On the financial end, TiVo’s quarterly call yesterday was largely depressing. USA Today summarizes:
The digital video recorder pioneer said late Wednesday that it took an $11.2 million write-down in the quarter ended in July for leftover standard DVRs. […] The 18-cents-per-share loss far exceeded the 5-cent loss expected by analysts surveyed by Thomson Financial. […] TiVo added just 623,000 subscriptions in the last two years as the number of homes with DVRs grew 161% to 23.5 million, according to Leichtman Research Group.
Not much good news there… However, Megazone listened in and reports on the Comcast front:
one of the first things I noticed is that Comcast has agreed to fund further development of the OCAP software to bring it to additional platforms beyond the Motorola DVRs, including Scientific Atlanta DVRs. […] TiVo on Comcast is continuing to progress well and Comcast stated: “we will commence the TiVo rollout process shortly, which will continue rolling out throughout the fall in Comcast’s New England Division including metro Boston, Southeast Massachusetts and New Hampshire.”
After all this time, I wouldn’t have used the word “well” to describe their (slooow) progress. But I’m happy to hear a specific launch time frame and locale, though they neglected to mention pricing. Comcast needs to rapidly expand beyond the New England division if TiVo is going to capitalize on this arrangement. (And they need to.) Given Comcast’s extended development bankrolling (now SciAtl boxes!), that’s exactly what they must intend. (I wonder if Cox is paying for the same thing. It’s been a year… When will they roll out TiVo software?)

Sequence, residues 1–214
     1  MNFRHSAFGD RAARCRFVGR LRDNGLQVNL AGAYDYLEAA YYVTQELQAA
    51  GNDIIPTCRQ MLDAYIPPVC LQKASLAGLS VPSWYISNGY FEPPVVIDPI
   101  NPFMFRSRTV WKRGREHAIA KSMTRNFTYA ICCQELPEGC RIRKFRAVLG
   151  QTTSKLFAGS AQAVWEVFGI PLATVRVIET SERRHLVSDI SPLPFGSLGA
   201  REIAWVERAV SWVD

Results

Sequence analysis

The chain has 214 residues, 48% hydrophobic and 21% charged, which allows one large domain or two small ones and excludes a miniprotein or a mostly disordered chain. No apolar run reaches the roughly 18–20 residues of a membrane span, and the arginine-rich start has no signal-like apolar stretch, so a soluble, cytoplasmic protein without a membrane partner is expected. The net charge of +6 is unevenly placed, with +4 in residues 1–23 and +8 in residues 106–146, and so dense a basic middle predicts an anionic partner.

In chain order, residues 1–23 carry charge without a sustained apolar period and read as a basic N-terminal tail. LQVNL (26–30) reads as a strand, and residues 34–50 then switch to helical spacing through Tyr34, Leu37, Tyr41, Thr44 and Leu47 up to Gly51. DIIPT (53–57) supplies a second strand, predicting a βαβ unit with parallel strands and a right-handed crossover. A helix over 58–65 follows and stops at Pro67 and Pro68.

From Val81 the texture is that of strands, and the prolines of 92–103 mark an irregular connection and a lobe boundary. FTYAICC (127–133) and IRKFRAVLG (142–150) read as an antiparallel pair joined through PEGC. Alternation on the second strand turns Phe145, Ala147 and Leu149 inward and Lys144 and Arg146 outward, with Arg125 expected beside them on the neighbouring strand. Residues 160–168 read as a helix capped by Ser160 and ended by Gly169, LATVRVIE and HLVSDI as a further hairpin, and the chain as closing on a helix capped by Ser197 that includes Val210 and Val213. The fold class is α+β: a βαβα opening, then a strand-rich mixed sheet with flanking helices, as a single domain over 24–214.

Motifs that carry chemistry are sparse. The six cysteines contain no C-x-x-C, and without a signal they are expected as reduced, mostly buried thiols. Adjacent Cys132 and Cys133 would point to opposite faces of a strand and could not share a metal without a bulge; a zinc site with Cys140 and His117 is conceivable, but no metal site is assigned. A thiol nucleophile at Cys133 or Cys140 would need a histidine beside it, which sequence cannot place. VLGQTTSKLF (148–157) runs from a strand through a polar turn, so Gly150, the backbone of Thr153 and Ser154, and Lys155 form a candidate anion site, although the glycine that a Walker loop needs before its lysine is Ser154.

Megazone also picked up on forthcoming Amazon Unbox “progressive downloads” that can be watched as they are received. An interesting tidbit, but what they really need is HD content. Which TiVo must know… CEO Tom Rogers said yesterday that HDTV growth “progressed at a pace that surprised many in the industry, including us.”
On the valuation front, Bear Stearns believes:
TiVo undergoing a transformation which is not well appreciated by the market, in our view. Several new initiatives are currently not included in our model, like Stop||Watch and the international opportunity, which represent upside to our valuation.
Both these areas are seeing movement: Another ad agency subscribed to StopWatch this week and it sounds like Spanish-language TiVo units will be available in Mexico City any day now (via Cablevision). Though it’s too early to discuss Australia, given the unique EPG situation and TiVo’s non-existent DVB-T hardware.
Last but not least, after yesterday’s Deal of the Day, I asked one of my TiVo contacts if we’d ever see another unit with an optical drive. The short answer: It’s been considered, but there are no current plans.
Disclosure: I have never bought, sold, or owned TiVo stock.